How do you know when it’s time to see a therapist?

March 15, 2019
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You don’t have to be “crazy,” desperate or on the brink of a meltdown to benefit from the help of a trained mental health professional.

Most people can benefit from therapy at some point in their lives. The United States Department of Health & Human Services estimates that approximately 1 in 5 American adults (nearly 44 million people) and 13-20% of children living in the United States will experience a diagnosable mental health disorder in a given year.

On the other hand, therapy isn’t necessary for every problem or challenge in life, especially if you have a strong support system of friends and family.

So how do you know when it’s time to see a therapist?

Sometimes the signs are obvious but at other times, something may feel slightly off and you can’t figure out what it is. So you trudge on, trying to sustain your busy life until it sets in that life has become unmanageable. Before it gets to this point,

David Sack, M.D., board certified in psychiatry, addiction psychiatry, and addiction medicine offers these ]five signs you may need help from a mental health professional in Psychology Today:

David Sack, M.D., board certified in psychiatry, addiction psychiatry, and addiction medicine offers these]five signs you may need help from a mental health professional in Psychology Today:

#1 Feeling sad, angry or otherwise “not yourself.”
Uncontrollable sadness, anger or hopelessness. Eating or sleeping more or less than usual, withdrawing from family and friends.

#2 Abusing drugs, alcohol, food or sex to cope.
Using a substance or changing behavior to help you feel better. Inability to control substance use or behaviors or inability to stop despite negative consequences in your life.

#3 You’ve lost someone or something important to you.
Grief from the the loss of a loved one, a divorce or significant breakup, or the loss of a job, especially if you’ve experienced multiple losses in a short period of time.

#4 Something traumatic has happened.
Experiencing a traumatic event like being a victim of a crime or accident, chronic illness. Or having dealth with abuse, neglect or other trauma in the past that has not been fully dealt with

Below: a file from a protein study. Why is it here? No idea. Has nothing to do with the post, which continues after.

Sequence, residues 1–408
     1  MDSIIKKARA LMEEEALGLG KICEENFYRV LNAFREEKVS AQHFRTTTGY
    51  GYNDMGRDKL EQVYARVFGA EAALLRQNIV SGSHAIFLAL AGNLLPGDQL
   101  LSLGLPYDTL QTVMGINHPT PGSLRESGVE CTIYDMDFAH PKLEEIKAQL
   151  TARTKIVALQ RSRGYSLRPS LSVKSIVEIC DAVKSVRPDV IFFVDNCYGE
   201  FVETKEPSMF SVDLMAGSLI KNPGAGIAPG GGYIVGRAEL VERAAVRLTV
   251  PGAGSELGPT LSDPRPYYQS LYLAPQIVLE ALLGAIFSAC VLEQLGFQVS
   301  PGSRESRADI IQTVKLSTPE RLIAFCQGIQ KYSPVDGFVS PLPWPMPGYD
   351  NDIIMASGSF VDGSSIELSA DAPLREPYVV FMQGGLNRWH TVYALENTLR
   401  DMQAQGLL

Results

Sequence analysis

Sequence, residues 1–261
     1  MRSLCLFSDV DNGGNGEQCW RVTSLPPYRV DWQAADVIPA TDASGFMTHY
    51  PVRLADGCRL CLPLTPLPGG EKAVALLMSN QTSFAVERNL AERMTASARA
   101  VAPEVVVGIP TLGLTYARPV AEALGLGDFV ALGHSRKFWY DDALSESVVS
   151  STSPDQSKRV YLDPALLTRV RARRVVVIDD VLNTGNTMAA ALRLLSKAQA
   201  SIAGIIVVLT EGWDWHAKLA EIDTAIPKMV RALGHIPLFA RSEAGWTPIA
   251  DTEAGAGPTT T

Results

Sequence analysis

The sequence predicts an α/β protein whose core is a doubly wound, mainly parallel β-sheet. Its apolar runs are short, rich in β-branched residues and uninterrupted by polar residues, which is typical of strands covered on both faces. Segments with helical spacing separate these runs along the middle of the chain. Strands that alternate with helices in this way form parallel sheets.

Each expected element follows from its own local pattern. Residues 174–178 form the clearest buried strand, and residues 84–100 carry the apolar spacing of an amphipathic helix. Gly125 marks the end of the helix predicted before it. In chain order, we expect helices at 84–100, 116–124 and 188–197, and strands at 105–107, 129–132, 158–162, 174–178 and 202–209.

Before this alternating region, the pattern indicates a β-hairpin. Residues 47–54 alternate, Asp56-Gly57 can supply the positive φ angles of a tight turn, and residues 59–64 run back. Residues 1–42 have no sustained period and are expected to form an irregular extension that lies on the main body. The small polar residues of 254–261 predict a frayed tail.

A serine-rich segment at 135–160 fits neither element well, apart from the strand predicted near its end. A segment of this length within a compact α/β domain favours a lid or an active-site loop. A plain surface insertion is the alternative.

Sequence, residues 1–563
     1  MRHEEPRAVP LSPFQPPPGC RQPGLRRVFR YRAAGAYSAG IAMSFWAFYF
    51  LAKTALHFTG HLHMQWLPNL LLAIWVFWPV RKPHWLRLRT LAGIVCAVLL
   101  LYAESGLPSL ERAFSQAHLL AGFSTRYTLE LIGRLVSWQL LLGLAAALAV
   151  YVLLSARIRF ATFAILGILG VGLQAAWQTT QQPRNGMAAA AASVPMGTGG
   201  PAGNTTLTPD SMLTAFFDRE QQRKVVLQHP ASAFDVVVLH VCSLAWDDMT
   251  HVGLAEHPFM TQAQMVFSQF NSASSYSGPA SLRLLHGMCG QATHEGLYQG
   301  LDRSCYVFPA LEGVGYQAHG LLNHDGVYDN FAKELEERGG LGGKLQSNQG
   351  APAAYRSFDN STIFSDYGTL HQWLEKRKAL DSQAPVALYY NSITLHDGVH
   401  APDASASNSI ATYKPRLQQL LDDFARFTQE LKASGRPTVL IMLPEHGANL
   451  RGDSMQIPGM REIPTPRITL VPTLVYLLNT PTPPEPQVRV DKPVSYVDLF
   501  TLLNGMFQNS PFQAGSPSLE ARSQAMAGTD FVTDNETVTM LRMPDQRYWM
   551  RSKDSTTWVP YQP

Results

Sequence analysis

#5 You can’t do the things you like to do.
Stopping doing the activities you ordinarily enjoy.
(Sack, MD, David, March 18, 2013. 5 Signs It’s Time to Seek Therapy. Psychology Today).

Mental Health America (MHA), the nation’s leading community-based nonprofit dedicated to addressing the needs of those living with mental illness , offers an more detailed list, broken down by age categories, of signs you may need to seek the help of a mental health professional.  (Mental Health America. Finding Help: When to Get It and Where to Go.  Mentalhealth.net)

In Adults

  • Confused thinking
  • Prolonged depression (sadness or irritability)
  • Feelings of extreme highs and lows
  • Excessive fears, worries and anxieties
  • Social withdrawal
  • Dramatic changes in eating or sleeping habits
  • Strong feelings of anger
  • Delusions or hallucinations
  • Growing inability to cope with daily problems and activities
  • Suicidal thoughts
  • Denial of obvious problems
  • Numerous unexplained physical ailments
  • Substance abuse

In Adolescents & Young Adults

  • Substance abuse
  • Inability to cope with problems and daily activities
  • Changes in sleeping and/or eating habits
  • Excessive complaints of physical ailments
  • Defiance of authority, truancy, theft, and/or vandalism
  • Intense fear of weight gain
  • Prolonged negative mood, often accompanied by poor appetite or thoughts of death
  • Frequent outbursts of anger

In Younger Children & Pre-Adolescents

  • Changes in school performance
  • Poor grades despite strong efforts
  • Excessive worry or anxiety (i.e. refusing to go to bed or school)
  • Hyperactivity
  • Persistent nightmares
  • Persistent disobedience or aggression
  • Frequent temper tantrums

If you decide that therapy is worth a try, it doesn’t mean you’re in for a lifetime of “head shrinking.” In fact, a 2001 study in the Journal of Counseling Psychology found that most people feel better within seven to 10 visits (Snell, Marilyn N.; Mallinckrodt, Brent; Hill, Robert D.; Lambert, Michael J. October 2001. Predicting counseling center clients’ response to counseling: A 1-year follow-up. psycnet.apa.org) Another study, published in 2006 in the Journal of Consulting and Clinical Psychology, 88 percent of therapy-goers reported improvements after just one session (Atkins, David C.; Bedics, Jamie D.; Mcglinchey, Joseph B.; Beauchaine, Theodore P.  October 2016. Assessing clinical significance: Does it matter which method we use? psycnet.apa.org)

Most people benefit from short-term, goal-oriented therapy to address a specific issue or symptom. If you are considering talking to a nonbiased professional send us a email through our contact form or call our office.

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